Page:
by Richard McPartland
The term soft landings refers to a strategy designed to make an easy transition from the construction to occupation phases of a project with the overriding aim of realising optimal operational performance.
It's all about narrowing the performance gap between design intent and operational outcomes that can emerge at any stage in a construction project.
Why is a soft landings strategy needed?
It is widely acknowledged that post-construction buildings often do not perform as well as they could when entering operation. In bringing together the construction and operation elements of a project a soft landings strategy aims to improve outcomes by ensuring the transition is carefully considered throughout the development of a project.
When should a soft landings strategy be considered?
Ideally a client and project funders should commit to soft landings strategy from the very start of a project. Such early consideration ensures that the strategy is properly recognised in appointment agreements and other relevant documents and requirements are properly budgeted for. Being clear from the outset what information is required for commissioning, facilities management and to meet requirements of Building Information Modelling (BIM) can only serve to make project delivery a smoother affair for all concerned and should result in better project outcomes.
Who should lead a soft landings project?
Nominating an individual to serve as a soft landings champion on a project can be incredibly useful to ensure that appropriate issues are properly considered. A range of parties are likely to have roles to play when it comes to effectively delivering soft landings. These will vary from project to project and from stage to stage. Designers and client advisors will be involved at the start when it comes to selecting the main contractor and specialists who will determine a building's in-use performance (asset managers, commissioning engineers, controls supplier and the like).
Ideally a client and project funders should commit to soft landings strategy from the very start of a project.
Is there a framework for a soft landings strategy?
The Building Services Research and Information Association (BSRIA) and the Usable Buildings Trust (UBT) collaborated to produce the Soft Landings Framework in 2009. The framework was further updated in 2014 to align with the project stages of the RIBA 2013 Plan of Work and is supported by a range of guidance documents providing more detail.
The Soft Landings Framework serves as a methodology, available for anyone to use and tailor to suit the particular circumstances of an individual project. Though easily customised the framework has a set of 12 non-negotiable core principles (noted in BG38/2014) that should be retained.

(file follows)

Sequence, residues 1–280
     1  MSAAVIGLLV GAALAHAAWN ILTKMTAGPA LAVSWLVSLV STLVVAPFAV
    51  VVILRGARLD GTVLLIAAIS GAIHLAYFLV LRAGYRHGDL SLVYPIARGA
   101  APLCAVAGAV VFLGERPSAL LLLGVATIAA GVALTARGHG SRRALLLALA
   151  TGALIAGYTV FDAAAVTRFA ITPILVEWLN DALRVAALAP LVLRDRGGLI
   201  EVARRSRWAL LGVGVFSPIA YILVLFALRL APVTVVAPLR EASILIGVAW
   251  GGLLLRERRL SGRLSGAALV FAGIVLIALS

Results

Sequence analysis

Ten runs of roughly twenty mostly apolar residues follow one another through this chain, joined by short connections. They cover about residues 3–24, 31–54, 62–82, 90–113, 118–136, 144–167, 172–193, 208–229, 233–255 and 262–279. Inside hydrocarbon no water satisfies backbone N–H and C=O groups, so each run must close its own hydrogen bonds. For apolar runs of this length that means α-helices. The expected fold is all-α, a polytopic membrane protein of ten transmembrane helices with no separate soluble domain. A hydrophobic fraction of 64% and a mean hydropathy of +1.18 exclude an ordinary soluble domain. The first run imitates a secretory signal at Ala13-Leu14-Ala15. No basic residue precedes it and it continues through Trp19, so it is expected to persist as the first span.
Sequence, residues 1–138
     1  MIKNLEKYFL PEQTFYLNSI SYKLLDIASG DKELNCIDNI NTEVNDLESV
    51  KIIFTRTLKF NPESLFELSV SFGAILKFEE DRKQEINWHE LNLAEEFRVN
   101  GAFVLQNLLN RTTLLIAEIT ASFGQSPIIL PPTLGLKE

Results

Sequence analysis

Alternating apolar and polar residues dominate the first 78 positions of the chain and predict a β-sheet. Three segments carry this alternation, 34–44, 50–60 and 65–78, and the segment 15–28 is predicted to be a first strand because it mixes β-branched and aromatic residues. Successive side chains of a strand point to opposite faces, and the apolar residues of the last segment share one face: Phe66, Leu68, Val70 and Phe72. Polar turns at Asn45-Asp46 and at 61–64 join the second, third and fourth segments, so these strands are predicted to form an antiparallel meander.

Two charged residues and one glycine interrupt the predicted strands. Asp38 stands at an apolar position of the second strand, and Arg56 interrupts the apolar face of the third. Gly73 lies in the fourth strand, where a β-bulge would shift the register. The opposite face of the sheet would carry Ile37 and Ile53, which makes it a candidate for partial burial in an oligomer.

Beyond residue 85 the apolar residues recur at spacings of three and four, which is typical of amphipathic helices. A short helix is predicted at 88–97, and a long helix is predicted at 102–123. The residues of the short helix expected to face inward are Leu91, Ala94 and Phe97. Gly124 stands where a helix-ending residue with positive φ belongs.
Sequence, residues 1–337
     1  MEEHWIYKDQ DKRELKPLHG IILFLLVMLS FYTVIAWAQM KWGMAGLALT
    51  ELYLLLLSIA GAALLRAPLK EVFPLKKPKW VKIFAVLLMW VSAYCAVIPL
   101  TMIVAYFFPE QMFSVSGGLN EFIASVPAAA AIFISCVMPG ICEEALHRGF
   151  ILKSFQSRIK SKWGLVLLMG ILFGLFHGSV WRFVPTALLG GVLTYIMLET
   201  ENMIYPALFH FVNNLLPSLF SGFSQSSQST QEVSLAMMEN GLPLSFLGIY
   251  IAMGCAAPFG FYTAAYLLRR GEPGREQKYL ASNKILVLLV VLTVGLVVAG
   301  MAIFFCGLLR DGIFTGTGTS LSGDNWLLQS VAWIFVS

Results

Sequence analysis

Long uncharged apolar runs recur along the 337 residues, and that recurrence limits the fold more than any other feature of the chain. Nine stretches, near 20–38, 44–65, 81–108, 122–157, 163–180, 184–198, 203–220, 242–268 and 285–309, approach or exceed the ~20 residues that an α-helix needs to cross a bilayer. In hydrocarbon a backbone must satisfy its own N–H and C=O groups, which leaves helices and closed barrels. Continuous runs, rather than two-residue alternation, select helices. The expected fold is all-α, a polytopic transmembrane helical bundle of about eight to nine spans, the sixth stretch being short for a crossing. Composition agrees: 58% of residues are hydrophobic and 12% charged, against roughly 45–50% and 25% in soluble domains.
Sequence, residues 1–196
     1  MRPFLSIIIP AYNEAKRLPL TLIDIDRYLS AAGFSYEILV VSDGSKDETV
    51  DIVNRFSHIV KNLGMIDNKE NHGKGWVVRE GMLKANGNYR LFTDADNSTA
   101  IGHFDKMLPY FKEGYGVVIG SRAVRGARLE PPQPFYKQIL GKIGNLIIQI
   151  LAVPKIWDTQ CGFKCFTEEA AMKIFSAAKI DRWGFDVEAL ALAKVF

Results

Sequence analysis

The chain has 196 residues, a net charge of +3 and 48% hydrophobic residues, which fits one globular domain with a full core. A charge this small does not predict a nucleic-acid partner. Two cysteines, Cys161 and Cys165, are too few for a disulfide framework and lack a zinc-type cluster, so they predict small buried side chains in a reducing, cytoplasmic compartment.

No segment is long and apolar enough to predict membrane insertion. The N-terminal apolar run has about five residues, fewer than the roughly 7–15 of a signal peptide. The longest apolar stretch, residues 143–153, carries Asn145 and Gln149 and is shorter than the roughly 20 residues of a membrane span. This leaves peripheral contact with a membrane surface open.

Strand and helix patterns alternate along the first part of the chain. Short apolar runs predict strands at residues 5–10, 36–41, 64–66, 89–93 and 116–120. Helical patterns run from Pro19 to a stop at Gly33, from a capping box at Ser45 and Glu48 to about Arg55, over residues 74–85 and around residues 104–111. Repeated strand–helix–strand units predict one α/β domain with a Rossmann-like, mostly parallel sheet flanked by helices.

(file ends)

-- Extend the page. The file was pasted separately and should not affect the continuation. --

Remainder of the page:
The framework helps project teams to deliver buildings that achieve their energy and environmental performance ambitions, while also focusing more on meeting the needs of occupants and includes five key stages - inception and briefing, design development and review, pre-handover, initial aftercare and post-occupancy evaluation.
Soft landings and Government Soft Landings
Government Soft Landings (GSL) was identified in the Government Construction Strategy of May 2011 and brought together as a formal GSL policy. GSL applies only to central government procurement (and not other public bodies such as local authorities, though increasingly it is being cited as a requirement in tender documents so it is worth checking exactly what is expected to be delivered).
GSL is essentially a set of facilities management-driven requirements for a well-performing building, detailing a set of activities and tasks that should be undertaken on delivery of a project. These are defined and managed by a GSL client sponsor and a project GSL champion.
The FM/Soft Landings task groups and others have helped contribute to this development can be overseen by a number of users and other stakeholders.
How can I ensure that soft landings are considered from the start?
Appointing a dedicated soft landings champion will ensure an organisation's soft landings initiative is properly driven and that questions relating to soft landings are kept very much in mind throughout the lifespan of a project.
How much does it cost to adopt a Soft Landings approach?
Can you afford not to adopt a soft landings approach? Energy use in poorly delivered buildings can be far higher than original estimates with knock-on effects for productivity and staff wellbeing. Apportioning budget at the start of the process is a good idea but don't be tempted to cost out all items in the Soft Landings Framework at tender stage when you don't actually know what the client wants and can afford. A commitment from tenderers to engage with a soft landings approach may be the most you can hope for at the initial stages of a project.
What does 'Government Soft Landings' mean?
Rob Manning explores GSL - part of the jigsaw of providing cost-effective services that meet public need.